I hear you and hate that you and I have to pay the tax shortfall created by thieves who know how to play the system.

The crooks ain't just confined to religions. Here are a few more crooks:
Rank Charity name... Total raised by solicitors ...Paid to solicitors ... % spent on direct cash aid
1 Kids Wish Network 137.9million 115.9 million 2.5%
2 Cancer Fund of America 86.8million 75.4 million 1.0%
3 Children's Wish Foundation International 92.7million 61.2 million 10.6%
4 Firefighters Charitable Foundation 62.8million 53.8 million 7.4%
5 International Union of Police Associations, AFL-CIO 66.6million 50.4 million 0.5%
6 Breast Cancer Relief Foundation 63.9million 44.8 million 2.2%
7 American Association of State Troopers 48.1million 38.6 million 8.9%
8 National Veterans Service Fund 70.2million 36.9 million 7.8%
9 Children's Cancer Fund of America 43.7million 34.4 million 4.6%
10 Children's Cancer Recovery Foundation 38.5million 28.9 million 0.7%
11 Project Cure (Bradenton, FL) 53.8million 25.5 million 0.0%
12 Committee For Missing Children 26.6million 23.5 million 0.8%
13 Youth Development Fund 27.5million 22.6 million 1.0%
14 Association for Firefighters and Paramedics 24.0million 21.4 million 3.1%
15 Woman To Woman Breast Cancer Foundation 19.4million 18.2 million 0.3%
16 United States Deputy Sheriffs' Association 25.6million 17.9 million 0.8%
17 National Caregiving Foundation 21.0million 17.4 million 3.2%
18 Vietnow National Headquarters 19.1million 16.7 million 2.8%
19 National Cancer Coalition 42.1million 16.4 million 1.3%
20 Operation Lookout National Center for Missing Youth 18.2million 14.7 million 0.0%
21 American Foundation For Disabled Children 15.8million 13.4 million 0.6%
22 Heart Support of America 31.4million 12.9 million 3.1%
23 Police Protective Fund 37.7million 12.2 million 0.7%
24 Veterans Assistance Foundation 12.4million 11.1 million 10.4%
25 Children's Charity Fund 14.0million 10.3 million 2.4%
26 The Veterans Fund 12.6million 10.2 million 2.5%
27 Wishing Well Foundation USA 12.6million 10.1 million 4.3%
28 Disabled Police Officers of America Inc. 11.4million 9.5 million 2.3%
29 Disabled Police and Sheriffs Foundation 10.4million 8.9 million 1.0%
30 National Police Defense Foundation 10.6million 8.4 million 5.1%
31 Defeat Diabetes Foundation 12.7million 7.8 million 0.0%
32 American Association of the Deaf & Blind 10.3million 7.8 million 0.1%
33 Optimal Medical Foundation 7.8million 7.6 million 1.0%
34 Circle of Friends For American Veterans 9.3million 7.2 million 4.4%
35 United Breast Cancer Foundation 12.7million 7.2 million 6.3%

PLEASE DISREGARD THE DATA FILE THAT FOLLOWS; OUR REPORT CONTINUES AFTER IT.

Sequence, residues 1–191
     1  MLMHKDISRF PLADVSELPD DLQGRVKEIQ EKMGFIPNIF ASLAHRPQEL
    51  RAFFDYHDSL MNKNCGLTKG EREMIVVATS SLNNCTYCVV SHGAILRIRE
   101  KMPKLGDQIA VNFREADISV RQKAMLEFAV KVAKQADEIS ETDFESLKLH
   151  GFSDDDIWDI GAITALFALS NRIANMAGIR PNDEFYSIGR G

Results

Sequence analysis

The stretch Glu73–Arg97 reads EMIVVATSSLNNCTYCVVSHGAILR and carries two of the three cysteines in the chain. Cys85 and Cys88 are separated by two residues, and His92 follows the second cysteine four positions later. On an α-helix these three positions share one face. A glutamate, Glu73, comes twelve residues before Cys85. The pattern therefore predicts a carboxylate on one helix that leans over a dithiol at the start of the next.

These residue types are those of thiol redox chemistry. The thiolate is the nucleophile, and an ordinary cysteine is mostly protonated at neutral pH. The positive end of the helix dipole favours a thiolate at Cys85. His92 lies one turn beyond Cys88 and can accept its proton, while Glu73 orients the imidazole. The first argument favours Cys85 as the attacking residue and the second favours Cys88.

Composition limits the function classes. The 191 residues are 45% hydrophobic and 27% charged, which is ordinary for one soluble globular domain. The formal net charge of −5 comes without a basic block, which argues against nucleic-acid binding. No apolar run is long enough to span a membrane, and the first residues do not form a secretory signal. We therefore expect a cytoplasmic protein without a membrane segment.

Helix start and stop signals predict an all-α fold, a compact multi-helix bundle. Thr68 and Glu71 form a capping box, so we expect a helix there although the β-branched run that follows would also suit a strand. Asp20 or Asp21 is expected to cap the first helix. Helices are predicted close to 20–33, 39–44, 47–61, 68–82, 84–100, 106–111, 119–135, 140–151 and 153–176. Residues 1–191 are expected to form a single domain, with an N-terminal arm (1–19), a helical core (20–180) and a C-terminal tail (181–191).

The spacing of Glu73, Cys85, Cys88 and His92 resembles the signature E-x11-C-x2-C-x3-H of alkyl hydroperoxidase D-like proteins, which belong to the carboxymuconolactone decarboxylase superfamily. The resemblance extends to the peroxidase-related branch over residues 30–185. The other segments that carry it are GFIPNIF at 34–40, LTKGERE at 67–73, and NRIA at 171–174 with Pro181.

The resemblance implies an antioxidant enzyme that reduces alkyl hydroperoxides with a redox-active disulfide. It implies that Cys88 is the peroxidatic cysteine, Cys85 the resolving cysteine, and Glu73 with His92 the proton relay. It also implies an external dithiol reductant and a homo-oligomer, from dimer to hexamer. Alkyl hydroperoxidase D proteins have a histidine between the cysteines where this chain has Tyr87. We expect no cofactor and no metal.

36 Reserve Police Officers Association 7.8million 6.9 million 1.2%
37 Children's Leukemia Research Association 9.8million 6.8 million 11.1%
38 Disabled Police Officers Counseling Center 7.6million 6.4 million 0.1%
39 Shiloh International Ministries 7.7million 6.0 million 1.1%
40 Find the Children 7.4million 4.8 million 4.6%
41 Survivors and Victims Empowered 7.7million 4.8 million 0.0%
42 Firefighters Assistance Fund 5.7million 4.7 million 3.1%
43 Caring for Our Children Foundation 5.1million 4.4 million 1.6%
44 National Narcotic Officers Associations Coalition 5.0million 4.2 million 0.0%
45 Our American Veterans 2.6million 2.3 million 2.3%
46 Roger Wyburn-Mason & Jack M Blount Foundation For Eradication of Rheumatoid Disease 9.0million 1.9 million 0.0%
47 Hope Cancer Fund 2.1million 1.7 million 0.5%
48 Firefighters Burn Fund 2.0million 1.7 million 1.5%

Crooks all, and there ain't nothing illegal about it.

Regards
DL

My isnt that a long list..
The possibility of anything we can imagine existing is endless and infinite

I haven't got the time to spend the time reading something that is telling me nothing, as I will never be able to get that time back, and I may need it for something at some point in time. Wait! What?

--MagsJ

MagsJ
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### Re: Should Governments regulate fraudulent religions?

Serendipper wrote:
Greatest I am wrote:If religions did not do that, I would likely ignore them.

I hope I have made it clear that I am perfectly happy for people to have these toys and to play with them at home and hug them and share with other people who come around to play with the toys, so that's absolutely fine; they are not to make ME play with these toys. I will not play with the toys. Don't bring the toys to my house. Don't say my children must play with these toys.

I made a lot of decisions in life on the basis of religious indoctrination from a child, but I console myself with suspecting that if not for that, I'd find something else to complain about But I honestly believe that had I not been indoctrinated, my life would now be better from a worldly perspective. I was too... idealistic in thinking that whatever happened was God's plan. Whoever was in my life was God's doing and whatever happened was God's will. I was not as critical as I should have been and from a certain point of view I can see religious indoctrination as a form of child abuse, though not with bad intent; just ignorance. On the other hand, my extrapolation may be in error and perhaps I'm better off now than my idealized speculations of alternative upbringings. Anyway, I shouldn't cry over spilled milk.

Thanks for both replies.

Regards
DL

Greatest I am
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### Re: Should Governments regulate fraudulent religions?

MagsJ wrote:
My isnt that a long list..

For sure, and it is our extra tax contribution that allows that open fraud to continue.

Shame on us.

Regards
DL